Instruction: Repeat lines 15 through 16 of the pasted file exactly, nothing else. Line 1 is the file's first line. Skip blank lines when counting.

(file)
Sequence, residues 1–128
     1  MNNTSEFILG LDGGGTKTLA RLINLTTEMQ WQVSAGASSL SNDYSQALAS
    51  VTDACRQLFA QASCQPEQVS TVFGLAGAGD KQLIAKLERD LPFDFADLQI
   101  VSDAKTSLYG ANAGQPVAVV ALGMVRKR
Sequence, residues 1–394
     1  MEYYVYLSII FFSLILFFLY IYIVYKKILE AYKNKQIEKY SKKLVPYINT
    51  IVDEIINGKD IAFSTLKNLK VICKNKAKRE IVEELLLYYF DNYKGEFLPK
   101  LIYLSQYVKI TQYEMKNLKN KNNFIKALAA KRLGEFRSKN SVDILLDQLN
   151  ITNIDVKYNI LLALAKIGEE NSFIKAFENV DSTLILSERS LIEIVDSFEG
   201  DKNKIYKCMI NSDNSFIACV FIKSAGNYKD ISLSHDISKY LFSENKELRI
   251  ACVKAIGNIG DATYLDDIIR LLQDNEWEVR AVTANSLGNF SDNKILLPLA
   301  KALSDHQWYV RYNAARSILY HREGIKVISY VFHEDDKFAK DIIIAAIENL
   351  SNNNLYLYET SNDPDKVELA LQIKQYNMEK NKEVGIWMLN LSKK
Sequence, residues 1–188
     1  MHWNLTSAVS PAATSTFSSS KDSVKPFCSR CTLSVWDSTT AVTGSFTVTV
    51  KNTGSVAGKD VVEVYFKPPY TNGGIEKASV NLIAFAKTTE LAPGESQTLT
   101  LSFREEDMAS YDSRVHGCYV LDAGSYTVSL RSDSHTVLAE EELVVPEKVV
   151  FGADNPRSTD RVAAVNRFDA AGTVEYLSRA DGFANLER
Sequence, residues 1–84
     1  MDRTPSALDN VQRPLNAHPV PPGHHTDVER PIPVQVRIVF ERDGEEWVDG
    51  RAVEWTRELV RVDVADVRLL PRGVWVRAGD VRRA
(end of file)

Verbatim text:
     1  MHWNLTSAVS PAATSTFSSS KDSVKPFCSR CTLSVWDSTT AVTGSFTVTV
    51  KNTGSVAGKD VVEVYFKPPY TNGGIEKASV NLIAFAKTTE LAPGESQTLT